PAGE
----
Ocean cleaning is on the table


SeawerOut of a skyscraper design competition comes an idea that’s not designed to scrape the skies, but clean the seas.

The Seawer is a machine designed to ply the world’s oceans, generating power from flowing seawater while it filters the trash that floats on the seas.

South Korean designer Sung Jin Cho submitted the Seawer Skyscraper project as his proposal for this year’s eVolo Skyscraper Competition. The project includes a huge drainage hole 550 meters in diameter and 300 meters in depth that would be located at the heart of the GPGP. The structure consists of five layers of baleen filters that separate plastic particles and fluids. The particles are taken to an onboard recycling plant while purified seawater is stored in a large sedimentation tank at the bottom of the structure before it is released back into the ocean.

Many of us know that plastic trash has been dumped into our oceans for decades, resulting in semi-floating clouds of debris that can kill fish, birds and other useful biomass, and ruin the shores it occasionally runs up against.  Many think the Great Pacific Garbage Patch is the only such cloud of debris worth considering, but it is in fact only one of many such gyres around the world.

Neel KashkariAfter so many years of governments and organizations essentially dismissing this problem as being beyond our ability to fix, it’s good to see so many people today are actively searching for solutions that can be implemented now.  Not long ago, Businessweek featured the designs of Dutch engineering student Neel Kashkari, whose idea has been crowdfunded and has made $200,000 in its first hundred days.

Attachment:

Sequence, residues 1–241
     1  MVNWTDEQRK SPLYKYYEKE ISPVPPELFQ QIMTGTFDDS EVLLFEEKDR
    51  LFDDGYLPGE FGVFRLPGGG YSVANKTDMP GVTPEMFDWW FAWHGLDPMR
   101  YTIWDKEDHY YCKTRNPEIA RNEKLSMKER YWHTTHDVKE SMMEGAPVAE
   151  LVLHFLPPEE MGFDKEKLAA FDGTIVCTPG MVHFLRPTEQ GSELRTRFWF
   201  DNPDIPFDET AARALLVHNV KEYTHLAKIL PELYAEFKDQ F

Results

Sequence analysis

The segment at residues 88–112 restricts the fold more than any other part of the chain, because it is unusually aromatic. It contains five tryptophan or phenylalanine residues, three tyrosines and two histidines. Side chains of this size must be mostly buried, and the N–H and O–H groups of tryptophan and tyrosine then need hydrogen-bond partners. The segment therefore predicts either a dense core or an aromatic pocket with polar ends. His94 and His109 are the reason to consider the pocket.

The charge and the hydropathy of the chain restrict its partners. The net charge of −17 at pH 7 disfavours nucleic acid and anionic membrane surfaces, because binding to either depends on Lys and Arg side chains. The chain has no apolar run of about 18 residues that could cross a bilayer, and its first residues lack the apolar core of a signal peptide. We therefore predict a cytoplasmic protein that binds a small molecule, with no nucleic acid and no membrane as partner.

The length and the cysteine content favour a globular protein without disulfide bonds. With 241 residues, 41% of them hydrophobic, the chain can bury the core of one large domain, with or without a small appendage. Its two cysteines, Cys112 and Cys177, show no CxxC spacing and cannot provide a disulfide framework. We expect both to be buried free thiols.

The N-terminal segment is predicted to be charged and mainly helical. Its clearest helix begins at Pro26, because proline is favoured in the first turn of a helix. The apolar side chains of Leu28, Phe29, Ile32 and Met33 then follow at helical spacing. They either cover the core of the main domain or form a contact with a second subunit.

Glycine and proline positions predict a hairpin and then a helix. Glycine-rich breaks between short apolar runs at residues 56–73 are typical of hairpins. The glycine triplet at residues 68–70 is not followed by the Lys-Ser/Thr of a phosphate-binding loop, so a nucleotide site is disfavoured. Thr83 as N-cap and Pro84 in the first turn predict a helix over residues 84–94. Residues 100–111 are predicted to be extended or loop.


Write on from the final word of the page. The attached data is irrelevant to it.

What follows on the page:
I hope to eventually see a competition, similar to the X-Prize, to encourage more organizations to develop ways of cleaning our oceans.  In the meantime, at least someone is putting their minds and their backs into working out this serious problem.


2 thoughts on “Ocean cleaning is on the table

  1. Very nice idea. I wonder if any have tested simply seeding the sea with iron, resulting in blooms of algae at the bottom of the food chain. Might be helpful in reef areas or even barren areas…
    Thanks for the article.


  2. I’ve heard of that idea, but I’ve also heard that the consensus on it is not positive; no one wants to try that without at least further tests in controlled environments. Hopefully the scientist who developed it will figure out a way to do further tests, either to satisfy his critics or to demonstrate that the idea doesn’t work.


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